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In most cases, new Rotalas in the aquarium hobby are just variants of long-known species such as Rotala rotundifolia or R. macrandra. In contrast, Rotala sahyadrica is one of the few new Rotala species in the proper sense. This Rotala was scientifically described in 2013 and named after the Sahyadri region in the northern part of the Western Ghats in India. There it was found in a lake on a lateritic plateau, in an elevation of about 900 meters. It seems that this species has only very recently been introduced as aquarium plant.
At the moment (June 2019), the Sahyadri Rotala is still hardly known, but certainly one of the most noteworthy new aquarium plants. Under water it develops shoots with dense foliage in bright green tones. The stems ramify well in their upper parts, causing a bushy appearance of the plant. The slightly translucent submerged leaves are opposite, sessile, elongate-spathulate with round tip.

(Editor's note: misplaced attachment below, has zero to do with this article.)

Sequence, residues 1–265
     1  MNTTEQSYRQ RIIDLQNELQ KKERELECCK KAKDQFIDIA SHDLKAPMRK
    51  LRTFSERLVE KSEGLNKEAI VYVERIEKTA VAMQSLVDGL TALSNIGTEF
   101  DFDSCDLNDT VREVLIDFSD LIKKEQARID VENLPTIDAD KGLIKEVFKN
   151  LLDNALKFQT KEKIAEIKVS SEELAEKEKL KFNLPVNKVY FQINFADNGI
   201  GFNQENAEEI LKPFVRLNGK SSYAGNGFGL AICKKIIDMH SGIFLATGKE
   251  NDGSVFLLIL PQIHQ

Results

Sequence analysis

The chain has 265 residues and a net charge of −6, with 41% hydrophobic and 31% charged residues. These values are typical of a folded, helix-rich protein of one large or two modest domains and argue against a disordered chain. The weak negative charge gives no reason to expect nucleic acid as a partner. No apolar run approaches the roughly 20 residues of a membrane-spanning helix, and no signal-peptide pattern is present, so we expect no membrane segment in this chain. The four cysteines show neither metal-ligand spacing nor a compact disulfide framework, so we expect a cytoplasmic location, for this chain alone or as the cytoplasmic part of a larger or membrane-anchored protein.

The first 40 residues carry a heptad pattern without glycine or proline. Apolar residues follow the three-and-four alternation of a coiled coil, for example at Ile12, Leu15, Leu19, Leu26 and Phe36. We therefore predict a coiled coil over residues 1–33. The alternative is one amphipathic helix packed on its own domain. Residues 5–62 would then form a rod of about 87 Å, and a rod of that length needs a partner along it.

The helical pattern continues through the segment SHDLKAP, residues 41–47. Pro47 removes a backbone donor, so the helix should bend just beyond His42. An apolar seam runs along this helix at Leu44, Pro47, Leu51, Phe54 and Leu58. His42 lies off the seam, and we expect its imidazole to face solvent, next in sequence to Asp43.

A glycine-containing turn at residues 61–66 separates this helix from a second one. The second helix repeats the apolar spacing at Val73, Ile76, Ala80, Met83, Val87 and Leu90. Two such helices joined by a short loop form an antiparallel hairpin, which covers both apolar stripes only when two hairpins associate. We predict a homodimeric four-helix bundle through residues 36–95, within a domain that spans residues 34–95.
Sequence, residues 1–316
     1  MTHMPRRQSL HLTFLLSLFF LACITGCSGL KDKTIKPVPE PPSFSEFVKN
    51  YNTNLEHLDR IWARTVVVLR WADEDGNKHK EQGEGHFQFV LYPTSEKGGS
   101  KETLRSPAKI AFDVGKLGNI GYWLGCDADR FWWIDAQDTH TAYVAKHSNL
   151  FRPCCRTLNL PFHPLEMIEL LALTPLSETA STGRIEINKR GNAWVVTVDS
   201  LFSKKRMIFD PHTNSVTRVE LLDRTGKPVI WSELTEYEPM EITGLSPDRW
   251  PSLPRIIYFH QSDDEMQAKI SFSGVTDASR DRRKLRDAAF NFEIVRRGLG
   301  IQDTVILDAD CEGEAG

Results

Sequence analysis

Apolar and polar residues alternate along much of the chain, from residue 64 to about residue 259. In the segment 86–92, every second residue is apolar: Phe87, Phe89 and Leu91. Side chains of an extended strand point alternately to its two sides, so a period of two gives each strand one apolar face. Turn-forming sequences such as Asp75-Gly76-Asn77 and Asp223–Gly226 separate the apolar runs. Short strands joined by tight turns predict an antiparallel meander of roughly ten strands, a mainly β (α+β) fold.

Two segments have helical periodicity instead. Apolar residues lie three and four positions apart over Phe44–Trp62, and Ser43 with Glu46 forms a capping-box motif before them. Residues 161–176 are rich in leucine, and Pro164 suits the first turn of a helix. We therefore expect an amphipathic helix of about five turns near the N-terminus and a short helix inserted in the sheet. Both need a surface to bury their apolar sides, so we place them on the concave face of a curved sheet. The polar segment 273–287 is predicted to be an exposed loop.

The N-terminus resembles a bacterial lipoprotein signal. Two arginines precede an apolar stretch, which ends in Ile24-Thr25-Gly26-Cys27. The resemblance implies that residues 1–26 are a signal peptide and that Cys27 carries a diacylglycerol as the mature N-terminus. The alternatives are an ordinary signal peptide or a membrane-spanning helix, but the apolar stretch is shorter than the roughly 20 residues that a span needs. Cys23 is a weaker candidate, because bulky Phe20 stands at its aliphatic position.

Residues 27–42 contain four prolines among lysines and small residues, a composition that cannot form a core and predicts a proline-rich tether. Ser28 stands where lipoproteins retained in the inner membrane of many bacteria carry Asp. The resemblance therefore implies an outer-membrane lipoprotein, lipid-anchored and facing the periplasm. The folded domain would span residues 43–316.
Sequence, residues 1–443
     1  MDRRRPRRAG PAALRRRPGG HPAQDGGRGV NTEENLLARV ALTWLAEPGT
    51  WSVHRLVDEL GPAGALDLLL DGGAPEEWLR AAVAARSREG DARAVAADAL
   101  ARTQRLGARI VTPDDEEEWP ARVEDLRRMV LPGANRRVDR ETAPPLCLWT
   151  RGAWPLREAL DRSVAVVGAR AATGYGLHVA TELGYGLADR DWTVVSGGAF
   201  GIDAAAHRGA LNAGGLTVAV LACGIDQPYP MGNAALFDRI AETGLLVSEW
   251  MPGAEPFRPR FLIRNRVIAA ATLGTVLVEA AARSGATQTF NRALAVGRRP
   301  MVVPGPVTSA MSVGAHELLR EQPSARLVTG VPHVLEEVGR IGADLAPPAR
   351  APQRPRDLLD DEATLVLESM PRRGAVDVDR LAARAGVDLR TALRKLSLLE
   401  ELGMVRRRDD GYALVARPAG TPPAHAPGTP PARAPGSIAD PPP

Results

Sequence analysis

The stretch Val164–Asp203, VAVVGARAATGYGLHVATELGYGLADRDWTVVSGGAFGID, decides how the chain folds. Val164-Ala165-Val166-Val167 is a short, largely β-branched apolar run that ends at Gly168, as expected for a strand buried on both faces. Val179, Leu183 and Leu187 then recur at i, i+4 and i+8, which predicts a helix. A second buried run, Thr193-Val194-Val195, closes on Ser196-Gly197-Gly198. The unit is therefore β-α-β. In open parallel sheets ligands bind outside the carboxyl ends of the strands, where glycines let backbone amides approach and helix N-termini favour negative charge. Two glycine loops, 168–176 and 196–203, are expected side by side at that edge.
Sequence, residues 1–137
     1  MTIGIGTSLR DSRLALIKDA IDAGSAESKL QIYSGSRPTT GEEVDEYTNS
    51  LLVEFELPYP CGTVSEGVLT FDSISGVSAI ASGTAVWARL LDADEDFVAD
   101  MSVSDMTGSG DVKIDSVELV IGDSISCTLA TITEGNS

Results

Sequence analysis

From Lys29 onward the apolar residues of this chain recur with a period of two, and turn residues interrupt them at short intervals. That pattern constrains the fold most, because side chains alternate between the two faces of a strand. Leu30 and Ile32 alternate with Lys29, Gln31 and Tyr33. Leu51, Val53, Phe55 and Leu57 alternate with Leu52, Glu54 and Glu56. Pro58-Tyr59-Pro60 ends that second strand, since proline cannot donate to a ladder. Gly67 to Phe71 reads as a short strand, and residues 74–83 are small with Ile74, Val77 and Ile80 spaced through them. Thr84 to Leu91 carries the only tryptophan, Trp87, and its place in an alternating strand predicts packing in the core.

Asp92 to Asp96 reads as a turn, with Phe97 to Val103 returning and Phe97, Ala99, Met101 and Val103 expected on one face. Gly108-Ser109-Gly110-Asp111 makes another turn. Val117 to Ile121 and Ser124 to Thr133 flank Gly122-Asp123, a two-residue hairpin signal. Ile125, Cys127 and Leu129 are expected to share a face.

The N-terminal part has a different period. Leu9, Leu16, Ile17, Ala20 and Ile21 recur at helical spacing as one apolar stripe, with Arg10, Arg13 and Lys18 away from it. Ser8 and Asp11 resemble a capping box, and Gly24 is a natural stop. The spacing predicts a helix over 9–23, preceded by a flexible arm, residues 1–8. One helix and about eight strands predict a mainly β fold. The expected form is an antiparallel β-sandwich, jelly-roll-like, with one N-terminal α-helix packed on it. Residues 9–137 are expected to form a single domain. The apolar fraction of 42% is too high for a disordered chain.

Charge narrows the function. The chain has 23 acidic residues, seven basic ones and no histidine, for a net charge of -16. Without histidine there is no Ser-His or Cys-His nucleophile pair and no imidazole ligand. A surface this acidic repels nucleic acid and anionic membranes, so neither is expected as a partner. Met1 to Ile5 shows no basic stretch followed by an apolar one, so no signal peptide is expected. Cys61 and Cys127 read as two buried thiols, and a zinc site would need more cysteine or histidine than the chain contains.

There is not yet long-term experience with this new Rotala, however it grows well for us in soft water, with strong lighting, regular macro- and micronutrient supply, a CO2 level of about 30 mg/l and in nutrient-rich aquasoil substrate. It has a moderate growth rate. As well as other stem plants, it can be propagated by stem cuttings.
With its bushy, dense growth, Rotala sahyadrica is recommendable for the aquarium midground. Its distinctive structure and coloration make it a very attractive stem plant that contrasts well with dark green and red plants.
Please be aware that the submerse form of this plant could contain snails and other invertebrates.